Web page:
Entertainment, Movies and TV

Occasional Quote of the Day: “What is a weekend?”

She’s known best, not for her own words, but for those put in her mouth by others. For six years, much to our delight, Maggie Smith has seamlessly inhabited the person of Violet, Dowager Countess of Grantham. The character is a remarkable old lady with a (well-protected) soft heart, a sharp tongue, and a bon mot for every occasion.

Today’s quote of the day, actually the product of the fertile imagination of Downton Abbey’s creator and screenwriter, Julian Fellowes, encapsulates the enormous social upheavals taking place in Britain just ahead of World War I. The aristocratic Crawleys have discovered that the future of their magnificent estate no longer rests in the hands of “the family proper.” The heir (James) and his son (Patrick) have both gone down with the Titanic, along with the family’s hopes for a stable transition to future generations, via the marriage of Patrick to Lady Mary Crawley, the current Earl’s oldest daughter.

Upon investigation, they learn that the next Earl of Grantham will be someone (for reasons which should be obvious) none of them has ever met. He is a distant cousin who is a lawyer and, more importantly, is the son of a middle-class doctor from Manchester. While every upper-class bone in their bodies resents him and wishes him elsewhere, their noblesse oblige, sense of duty and tradition require them to embrace him (and his mother).

The first dinner isn’t an unqualified success, as the family finds Matthew modern, brash, classless, and, in a word, deplorable. He makes it clear that the dress code requirements of the upper classes make him deeply uncomfortable. It is his determination to work as a lawyer (an actual job!) and to treat his commitment to the estate merely as a “weekend” obligation that fussels Lady Violet’s boogie to an unconscionable degree.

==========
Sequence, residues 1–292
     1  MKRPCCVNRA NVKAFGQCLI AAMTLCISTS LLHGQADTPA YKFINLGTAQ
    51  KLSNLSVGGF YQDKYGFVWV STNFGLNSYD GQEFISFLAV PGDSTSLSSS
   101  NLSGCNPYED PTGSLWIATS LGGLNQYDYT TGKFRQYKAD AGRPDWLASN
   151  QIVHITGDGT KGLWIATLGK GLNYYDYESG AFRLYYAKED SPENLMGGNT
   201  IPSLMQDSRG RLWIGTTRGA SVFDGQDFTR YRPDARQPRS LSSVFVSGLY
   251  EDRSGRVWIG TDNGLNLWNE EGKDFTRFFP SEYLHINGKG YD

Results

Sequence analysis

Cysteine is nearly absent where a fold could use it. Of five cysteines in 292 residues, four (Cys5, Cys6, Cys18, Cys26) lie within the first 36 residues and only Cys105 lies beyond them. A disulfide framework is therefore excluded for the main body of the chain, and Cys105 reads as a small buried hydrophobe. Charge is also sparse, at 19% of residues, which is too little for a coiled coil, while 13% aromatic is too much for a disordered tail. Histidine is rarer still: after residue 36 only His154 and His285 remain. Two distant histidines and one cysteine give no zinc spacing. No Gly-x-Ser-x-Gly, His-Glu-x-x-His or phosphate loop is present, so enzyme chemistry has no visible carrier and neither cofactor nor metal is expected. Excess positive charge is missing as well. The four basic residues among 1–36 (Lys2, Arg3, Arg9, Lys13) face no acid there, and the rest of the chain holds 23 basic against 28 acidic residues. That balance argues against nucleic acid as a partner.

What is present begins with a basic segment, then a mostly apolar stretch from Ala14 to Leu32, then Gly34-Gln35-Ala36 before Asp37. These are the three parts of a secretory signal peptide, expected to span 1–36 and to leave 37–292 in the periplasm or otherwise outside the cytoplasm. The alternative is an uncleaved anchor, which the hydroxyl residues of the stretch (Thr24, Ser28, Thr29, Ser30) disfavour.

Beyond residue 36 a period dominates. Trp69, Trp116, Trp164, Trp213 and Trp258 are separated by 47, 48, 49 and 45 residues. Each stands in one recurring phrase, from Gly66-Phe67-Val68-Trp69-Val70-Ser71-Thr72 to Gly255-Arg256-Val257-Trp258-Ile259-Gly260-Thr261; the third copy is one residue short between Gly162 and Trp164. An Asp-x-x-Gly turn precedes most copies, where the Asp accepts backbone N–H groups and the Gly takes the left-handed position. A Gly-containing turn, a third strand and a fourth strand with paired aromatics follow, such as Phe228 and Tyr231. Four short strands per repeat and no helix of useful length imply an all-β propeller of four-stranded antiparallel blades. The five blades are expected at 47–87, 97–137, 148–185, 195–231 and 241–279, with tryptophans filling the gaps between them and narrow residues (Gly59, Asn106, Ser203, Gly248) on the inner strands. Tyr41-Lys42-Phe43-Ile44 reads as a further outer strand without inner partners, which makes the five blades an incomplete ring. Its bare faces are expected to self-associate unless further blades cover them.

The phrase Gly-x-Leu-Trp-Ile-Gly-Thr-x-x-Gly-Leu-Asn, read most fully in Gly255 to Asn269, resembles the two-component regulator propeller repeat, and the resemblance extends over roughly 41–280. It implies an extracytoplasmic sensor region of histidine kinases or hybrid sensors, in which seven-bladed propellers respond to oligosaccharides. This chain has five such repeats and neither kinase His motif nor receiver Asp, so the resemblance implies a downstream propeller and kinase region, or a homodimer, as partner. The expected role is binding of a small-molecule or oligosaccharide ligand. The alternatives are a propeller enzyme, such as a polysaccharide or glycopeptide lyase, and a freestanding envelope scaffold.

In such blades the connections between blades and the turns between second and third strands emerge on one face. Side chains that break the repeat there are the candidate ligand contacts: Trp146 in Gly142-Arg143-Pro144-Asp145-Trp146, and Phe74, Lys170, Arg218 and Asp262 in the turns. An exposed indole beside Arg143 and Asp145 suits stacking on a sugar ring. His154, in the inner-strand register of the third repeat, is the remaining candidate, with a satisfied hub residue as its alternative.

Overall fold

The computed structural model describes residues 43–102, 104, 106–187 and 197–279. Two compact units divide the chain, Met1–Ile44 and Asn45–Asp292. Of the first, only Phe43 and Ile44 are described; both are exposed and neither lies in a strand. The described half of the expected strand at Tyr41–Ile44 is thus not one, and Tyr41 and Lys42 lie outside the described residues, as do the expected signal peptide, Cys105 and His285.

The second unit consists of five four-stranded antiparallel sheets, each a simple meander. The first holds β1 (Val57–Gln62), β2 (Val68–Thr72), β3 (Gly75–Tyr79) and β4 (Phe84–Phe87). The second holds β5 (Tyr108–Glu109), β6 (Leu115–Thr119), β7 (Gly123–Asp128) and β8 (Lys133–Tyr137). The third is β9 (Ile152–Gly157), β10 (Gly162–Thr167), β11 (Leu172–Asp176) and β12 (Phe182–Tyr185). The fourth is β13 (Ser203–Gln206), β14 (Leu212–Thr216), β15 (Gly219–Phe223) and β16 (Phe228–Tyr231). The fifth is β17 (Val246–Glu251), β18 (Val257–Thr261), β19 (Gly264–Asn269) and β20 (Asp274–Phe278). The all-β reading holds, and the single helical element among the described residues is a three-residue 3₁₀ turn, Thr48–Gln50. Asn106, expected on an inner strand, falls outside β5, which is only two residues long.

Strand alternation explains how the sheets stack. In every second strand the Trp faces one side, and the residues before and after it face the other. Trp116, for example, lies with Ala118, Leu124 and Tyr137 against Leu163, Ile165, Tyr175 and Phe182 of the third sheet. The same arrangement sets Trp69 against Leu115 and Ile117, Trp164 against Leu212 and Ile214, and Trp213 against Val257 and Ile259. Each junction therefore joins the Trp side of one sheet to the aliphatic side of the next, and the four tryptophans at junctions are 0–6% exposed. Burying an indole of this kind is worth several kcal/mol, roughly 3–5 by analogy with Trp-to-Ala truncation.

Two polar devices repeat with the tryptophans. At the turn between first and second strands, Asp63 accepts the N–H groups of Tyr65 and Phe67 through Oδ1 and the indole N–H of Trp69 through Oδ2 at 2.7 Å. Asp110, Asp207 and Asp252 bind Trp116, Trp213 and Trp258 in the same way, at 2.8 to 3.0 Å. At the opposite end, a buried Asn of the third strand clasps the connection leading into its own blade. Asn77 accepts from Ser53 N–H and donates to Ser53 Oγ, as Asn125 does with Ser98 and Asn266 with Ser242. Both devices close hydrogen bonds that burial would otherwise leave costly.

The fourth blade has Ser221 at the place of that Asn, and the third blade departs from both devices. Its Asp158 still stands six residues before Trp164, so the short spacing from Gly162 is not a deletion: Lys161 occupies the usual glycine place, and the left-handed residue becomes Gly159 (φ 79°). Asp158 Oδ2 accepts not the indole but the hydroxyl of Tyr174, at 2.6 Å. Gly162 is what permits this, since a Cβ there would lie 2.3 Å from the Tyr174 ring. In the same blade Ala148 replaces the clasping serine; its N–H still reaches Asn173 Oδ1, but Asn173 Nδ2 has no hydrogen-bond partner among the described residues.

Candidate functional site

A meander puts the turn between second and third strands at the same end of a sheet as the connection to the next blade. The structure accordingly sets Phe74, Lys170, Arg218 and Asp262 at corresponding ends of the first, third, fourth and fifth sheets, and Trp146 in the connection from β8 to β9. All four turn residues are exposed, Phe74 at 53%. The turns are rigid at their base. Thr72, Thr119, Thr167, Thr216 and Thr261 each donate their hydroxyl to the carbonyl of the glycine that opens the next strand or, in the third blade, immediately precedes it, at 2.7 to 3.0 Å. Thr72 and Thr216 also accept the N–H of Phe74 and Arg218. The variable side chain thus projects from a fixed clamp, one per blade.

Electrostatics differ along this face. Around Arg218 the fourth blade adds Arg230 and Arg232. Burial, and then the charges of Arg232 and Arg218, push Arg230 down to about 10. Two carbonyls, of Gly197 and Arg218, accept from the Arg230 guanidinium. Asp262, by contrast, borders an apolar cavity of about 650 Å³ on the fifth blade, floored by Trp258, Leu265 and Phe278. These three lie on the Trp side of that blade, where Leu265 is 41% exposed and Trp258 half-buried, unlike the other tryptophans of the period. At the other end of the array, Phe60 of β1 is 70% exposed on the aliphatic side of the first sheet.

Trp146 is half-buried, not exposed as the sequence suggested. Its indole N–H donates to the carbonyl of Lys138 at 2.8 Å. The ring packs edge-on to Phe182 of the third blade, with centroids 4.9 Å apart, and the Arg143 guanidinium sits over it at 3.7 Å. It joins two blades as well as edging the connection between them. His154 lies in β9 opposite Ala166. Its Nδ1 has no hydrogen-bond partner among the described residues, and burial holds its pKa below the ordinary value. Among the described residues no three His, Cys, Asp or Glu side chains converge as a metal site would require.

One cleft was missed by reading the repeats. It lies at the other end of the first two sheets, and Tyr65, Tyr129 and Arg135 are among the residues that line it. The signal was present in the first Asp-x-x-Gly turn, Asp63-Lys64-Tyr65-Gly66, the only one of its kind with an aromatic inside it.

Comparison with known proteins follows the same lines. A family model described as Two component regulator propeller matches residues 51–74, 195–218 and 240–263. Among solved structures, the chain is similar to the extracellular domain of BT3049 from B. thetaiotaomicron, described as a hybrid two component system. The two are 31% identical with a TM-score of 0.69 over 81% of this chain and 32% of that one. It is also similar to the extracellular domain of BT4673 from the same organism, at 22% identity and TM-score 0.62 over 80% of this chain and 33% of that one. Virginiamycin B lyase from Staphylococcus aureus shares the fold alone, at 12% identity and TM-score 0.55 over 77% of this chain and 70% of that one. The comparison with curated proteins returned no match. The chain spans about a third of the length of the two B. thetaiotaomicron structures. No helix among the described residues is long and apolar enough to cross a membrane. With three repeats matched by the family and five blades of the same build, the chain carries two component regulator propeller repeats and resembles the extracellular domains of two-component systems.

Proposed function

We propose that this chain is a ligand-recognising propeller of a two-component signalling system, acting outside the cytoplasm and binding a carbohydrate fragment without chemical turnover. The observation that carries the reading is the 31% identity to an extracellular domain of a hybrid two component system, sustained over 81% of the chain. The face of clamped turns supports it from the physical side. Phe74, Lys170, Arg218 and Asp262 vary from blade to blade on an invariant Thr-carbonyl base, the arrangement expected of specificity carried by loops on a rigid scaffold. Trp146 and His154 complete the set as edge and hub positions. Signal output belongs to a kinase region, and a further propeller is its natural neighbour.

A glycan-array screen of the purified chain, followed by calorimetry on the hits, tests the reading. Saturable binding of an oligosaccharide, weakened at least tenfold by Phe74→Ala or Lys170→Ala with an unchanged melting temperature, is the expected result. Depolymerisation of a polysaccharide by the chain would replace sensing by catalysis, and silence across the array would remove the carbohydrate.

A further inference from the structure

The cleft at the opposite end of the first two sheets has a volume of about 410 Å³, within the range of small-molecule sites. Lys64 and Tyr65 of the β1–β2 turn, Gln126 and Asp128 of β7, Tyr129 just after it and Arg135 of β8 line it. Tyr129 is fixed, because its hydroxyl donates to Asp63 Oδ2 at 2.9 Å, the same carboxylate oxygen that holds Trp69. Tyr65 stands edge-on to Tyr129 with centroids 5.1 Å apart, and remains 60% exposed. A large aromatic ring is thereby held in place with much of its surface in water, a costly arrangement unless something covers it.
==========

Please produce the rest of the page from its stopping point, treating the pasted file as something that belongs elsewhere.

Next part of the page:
“What is a weekend?” she asks in her own inimitable way.

It’s a fair question for 1912. Such things were not known among the aristocracy, who didn’t need a “weekend,” to enjoy free time away from their jobs, either to spend it with friends or to go on a little holiday. They could do that whenever they wanted, regardless of the day or time of year.

Until the early decades of the 20th century, weekends were not enjoyed much by the lower classes either, as the concept of a standard “working week” with time off for rest and recreation was not codified in law until the very late 19th century. (The OED records the first use of the term “weekend” in the periodical Notes and Queries, in 1879, by which time Lady Violet would have been in early middle age.)

The fact that Matthew knows what weekends are, and that he is so comfortable with the term and expects to enjoy them himself, is an indicator of his own less-than-aristocratic upbringing. It also previews the dislocation that’s about to occur in this family’s life as it propels through what is quite possibly the most significant single decade of social upheaval in the history of Great Britain.

Much as I love this quote, it’s not my favorite emanation from the Dowager Countess. That one follows the death of Mr. Pamuk (a storyline lifted from real life and proving the DC’s point), as follows: “Last night! He looked so well. Of course, it would happen to a foreigner. No Englishman would dream of dying in someone else’s house.” Or, perhaps it’s this one, which I’m finding more and more true every day: “At my age, one must ration one’s excitement.”

On that note, perhaps my favorite on-screen quote from this grandest of dames isn’t from Downton Abbey at all. Perhaps it’s from a different performance altogether, in The Best Exotic Marigold Hotel, in which she pithily observes: “At my age, I don’t plan that far ahead. I don’t even buy green bananas.”

Copy that. Good advice to start with, and it just gets better every day.

There’s something about this lady that brings out the best in the screenwriters. Couple that with her impeccable delivery, and you have a winner every time.

Happy 84th Birthday, Maggie Smith. Fifty years later, and you’re still in your prime.

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